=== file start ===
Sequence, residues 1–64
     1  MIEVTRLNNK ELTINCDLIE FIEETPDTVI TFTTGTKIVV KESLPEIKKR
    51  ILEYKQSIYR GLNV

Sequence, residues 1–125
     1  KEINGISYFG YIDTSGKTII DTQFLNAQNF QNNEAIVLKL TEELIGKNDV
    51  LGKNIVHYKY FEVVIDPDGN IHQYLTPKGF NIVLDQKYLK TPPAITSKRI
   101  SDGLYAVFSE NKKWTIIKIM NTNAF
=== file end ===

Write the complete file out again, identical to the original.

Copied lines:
Sequence, residues 1–64
     1  MIEVTRLNNK ELTINCDLIE FIEETPDTVI TFTTGTKIVV KESLPEIKKR
    51  ILEYKQSIYR GLNV

Sequence, residues 1–125
     1  KEINGISYFG YIDTSGKTII DTQFLNAQNF QNNEAIVLKL TEELIGKNDV
    51  LGKNIVHYKY FEVVIDPDGN IHQYLTPKGF NIVLDQKYLK TPPAITSKRI
   101  SDGLYAVFSE NKKWTIIKIM NTNAF